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Monday, July 14, 2008
Time for the little people

So, is this going to be the start of something big for Alize Cornet? How about for Victor Hanescu, Juan del Potro or Sara Errani? All of those obscure players (and a few others) won tournaments on Sunday, although you wouldn't necessarily know it if you looked in the sports section of your local newspaper. After all, it was "hangover" week -- the week we all recover from Wimbledon.

It's funny how the only Grand Slam that adds to the momentum of the game is Roland Garros, and that's because the elapsed time until Wimbledon is minimal. One day, the icons of the game are traipsing around on the red clay; the next, it seems, they're battling quality opponents on green grass in the warm-up events for Wimbledon. But once the gathering in London is finished, the stars draw back to recuperate, leaving a host of small tournaments for the also-rans to battle over.

This is not such a bad thing. In the game's present structure, the two or three weeks after the Australian Open, Wimbledon and the U.S. Open are when-the-cat's-away-the-mice-will-play weeks -- a time when tennis comes close to embracing the everybody-gets-a-trophy sensibility. Oh, sure, they often throw Davis Cup in there somewhere (but not any longer after Wimbledon), which is usually a good thing. But generally, hangover weeks are the ideal time for promising young players to make a move -- or for frustrated vets to exact a little revenge for poor Grand Slam campaigns.

Look at poor Tommy Robredo, a perennial top-10 player who pretty much tiptoes out the back door at Grand Slams. He won last weekend at Bastad for the second time in his career. And in all fairness, he beat a solid opponent in the championship match -- Tomas Berdych. But all in all, this is a little bit like collecting bottles from recycling bins to raise a little extra cash. I know, I know, you'd be surprised at how fast those nickels add up, right?

But let's look at the upside: At least two of last week's winners, Cornet and the Argentinean del Potro, have been tabbed as potential stars, but neither had won a tournament until Sunday. Cornet made the most of the moment, winning both singles and doubles. Del Potro is just 19, and while nobody is going to confuse Stuttgart with Roland Garros or the Italian Open, del Potro earned his stripes with a quality win over Richard Gasquet. It's going to give him confidence on his journey in the game.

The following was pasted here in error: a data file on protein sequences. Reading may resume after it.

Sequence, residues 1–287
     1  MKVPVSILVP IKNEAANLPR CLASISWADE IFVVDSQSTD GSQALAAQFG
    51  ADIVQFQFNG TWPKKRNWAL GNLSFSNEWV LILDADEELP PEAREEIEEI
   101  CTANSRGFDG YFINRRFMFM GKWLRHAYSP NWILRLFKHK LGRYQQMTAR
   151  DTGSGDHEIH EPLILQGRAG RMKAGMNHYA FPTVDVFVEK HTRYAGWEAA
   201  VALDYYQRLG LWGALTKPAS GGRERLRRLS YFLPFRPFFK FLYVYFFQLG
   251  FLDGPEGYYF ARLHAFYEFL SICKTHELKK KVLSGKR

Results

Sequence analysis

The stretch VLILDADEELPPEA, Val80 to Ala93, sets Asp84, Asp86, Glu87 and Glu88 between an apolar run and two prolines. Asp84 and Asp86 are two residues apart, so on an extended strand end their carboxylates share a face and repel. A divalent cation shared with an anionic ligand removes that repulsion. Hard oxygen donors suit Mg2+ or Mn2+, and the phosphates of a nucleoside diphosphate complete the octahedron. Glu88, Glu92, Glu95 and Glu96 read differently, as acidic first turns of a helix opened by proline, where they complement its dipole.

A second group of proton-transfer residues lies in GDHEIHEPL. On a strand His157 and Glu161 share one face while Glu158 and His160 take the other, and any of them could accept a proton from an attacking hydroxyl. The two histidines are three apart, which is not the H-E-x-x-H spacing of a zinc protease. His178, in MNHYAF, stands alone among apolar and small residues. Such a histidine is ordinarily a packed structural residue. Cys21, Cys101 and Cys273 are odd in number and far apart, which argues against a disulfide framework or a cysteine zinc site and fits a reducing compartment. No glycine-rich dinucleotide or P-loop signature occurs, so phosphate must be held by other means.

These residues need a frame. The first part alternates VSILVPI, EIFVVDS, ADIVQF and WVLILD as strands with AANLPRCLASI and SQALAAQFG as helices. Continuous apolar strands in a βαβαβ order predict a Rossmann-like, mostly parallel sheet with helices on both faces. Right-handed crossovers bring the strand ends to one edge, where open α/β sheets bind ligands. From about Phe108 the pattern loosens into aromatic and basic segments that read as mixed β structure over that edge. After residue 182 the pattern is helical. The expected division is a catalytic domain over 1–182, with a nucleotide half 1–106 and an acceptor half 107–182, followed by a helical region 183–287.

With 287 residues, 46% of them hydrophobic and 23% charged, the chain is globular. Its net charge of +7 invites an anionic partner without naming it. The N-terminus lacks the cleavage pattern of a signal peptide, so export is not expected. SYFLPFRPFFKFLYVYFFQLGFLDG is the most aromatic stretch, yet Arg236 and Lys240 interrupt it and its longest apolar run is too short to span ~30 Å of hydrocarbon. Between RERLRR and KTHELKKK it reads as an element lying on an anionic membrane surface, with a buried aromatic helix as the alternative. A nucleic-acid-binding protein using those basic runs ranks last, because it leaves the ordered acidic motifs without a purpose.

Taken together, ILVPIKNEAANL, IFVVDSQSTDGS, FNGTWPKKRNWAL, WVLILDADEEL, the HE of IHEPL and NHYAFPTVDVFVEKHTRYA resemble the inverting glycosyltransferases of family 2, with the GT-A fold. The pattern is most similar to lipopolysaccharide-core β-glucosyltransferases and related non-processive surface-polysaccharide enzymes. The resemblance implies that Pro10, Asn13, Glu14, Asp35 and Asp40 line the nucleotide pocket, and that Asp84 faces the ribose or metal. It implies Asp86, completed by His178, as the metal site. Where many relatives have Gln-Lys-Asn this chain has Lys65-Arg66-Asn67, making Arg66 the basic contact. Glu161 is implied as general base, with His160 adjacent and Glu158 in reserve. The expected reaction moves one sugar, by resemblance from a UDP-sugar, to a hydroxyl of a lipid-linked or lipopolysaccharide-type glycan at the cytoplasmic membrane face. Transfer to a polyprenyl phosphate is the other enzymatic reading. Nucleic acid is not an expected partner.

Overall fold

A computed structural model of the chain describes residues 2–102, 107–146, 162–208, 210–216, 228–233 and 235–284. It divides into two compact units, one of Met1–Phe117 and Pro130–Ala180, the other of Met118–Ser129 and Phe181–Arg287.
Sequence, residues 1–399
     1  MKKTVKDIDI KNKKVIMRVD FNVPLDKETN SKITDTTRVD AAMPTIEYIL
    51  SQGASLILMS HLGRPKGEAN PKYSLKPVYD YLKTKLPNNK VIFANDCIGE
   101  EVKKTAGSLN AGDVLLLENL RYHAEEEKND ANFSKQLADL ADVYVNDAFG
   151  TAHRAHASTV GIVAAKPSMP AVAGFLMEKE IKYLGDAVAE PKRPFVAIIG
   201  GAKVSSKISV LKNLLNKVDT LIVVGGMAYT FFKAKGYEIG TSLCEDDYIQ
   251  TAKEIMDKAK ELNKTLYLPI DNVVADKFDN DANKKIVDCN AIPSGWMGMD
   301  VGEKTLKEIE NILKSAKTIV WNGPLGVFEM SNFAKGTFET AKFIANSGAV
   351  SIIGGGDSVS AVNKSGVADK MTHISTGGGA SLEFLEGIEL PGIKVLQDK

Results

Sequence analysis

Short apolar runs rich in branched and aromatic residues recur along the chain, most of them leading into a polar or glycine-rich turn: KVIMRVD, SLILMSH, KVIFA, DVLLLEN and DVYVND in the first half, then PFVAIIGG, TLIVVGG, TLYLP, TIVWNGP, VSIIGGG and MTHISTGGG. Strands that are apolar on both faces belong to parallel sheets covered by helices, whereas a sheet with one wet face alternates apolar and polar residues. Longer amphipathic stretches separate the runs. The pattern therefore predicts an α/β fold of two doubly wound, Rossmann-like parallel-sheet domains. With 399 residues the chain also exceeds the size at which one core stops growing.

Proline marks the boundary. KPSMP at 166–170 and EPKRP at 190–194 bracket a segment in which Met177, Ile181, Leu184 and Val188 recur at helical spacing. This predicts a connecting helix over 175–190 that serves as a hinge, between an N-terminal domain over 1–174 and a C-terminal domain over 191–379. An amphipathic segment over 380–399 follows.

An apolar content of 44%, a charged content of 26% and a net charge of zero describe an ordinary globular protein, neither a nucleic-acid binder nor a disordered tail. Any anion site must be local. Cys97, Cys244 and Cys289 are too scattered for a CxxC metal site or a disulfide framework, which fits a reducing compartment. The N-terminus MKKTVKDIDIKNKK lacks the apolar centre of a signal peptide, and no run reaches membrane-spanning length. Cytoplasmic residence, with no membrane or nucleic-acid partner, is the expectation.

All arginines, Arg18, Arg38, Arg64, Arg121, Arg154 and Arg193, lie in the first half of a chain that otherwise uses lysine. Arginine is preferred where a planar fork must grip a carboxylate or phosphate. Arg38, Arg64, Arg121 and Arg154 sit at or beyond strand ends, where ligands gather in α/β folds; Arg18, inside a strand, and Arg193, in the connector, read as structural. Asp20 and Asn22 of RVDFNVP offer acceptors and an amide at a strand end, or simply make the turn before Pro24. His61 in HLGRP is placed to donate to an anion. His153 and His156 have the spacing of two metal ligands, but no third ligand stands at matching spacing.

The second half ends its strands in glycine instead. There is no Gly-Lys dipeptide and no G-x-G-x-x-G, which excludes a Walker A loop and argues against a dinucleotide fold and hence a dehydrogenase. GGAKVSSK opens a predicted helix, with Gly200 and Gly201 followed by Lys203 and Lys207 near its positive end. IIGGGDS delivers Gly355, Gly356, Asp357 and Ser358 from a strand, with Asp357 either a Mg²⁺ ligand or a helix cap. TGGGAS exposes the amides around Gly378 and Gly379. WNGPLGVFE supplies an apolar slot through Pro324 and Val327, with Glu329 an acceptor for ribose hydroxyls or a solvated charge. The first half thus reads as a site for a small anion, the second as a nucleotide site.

Hanescu, who won at Gstaad, Switzerland (not to be confused with Bastad, Sweden), is neither a young gun like del Potro nor a wily bottle-collecting veteran like Robredo. He is about as good an example of a tennis "journeyman" as you could want -- a 26-year-old Romanian whose previous career-high ranking was No. 35 and who had won a grand total of five ATP matches this year going into Gstaad.

En route to the final, Hanescu had to fend off match points versus ace-machine Ivo Karlovic. But when the smoke finally cleared, he was left standing as the first Romanian player to take an ATP title since Andrei Pavel won at Montreal (a Master Series event, no less) in 2001.

You want to tell Victor -- or Alize or Errani -- that all he or she did was earn some chump change for collecting bottles discarded by the high rollers? That's the beauty of these hangover events. They give the "little people" of the game a chance, sometimes a jump start on a promising career, at least when there isn't a Robredo or Fabrice Santoro (the wily veteran defended his singles title at Newport on Sunday) poking through the recycling bin, as well.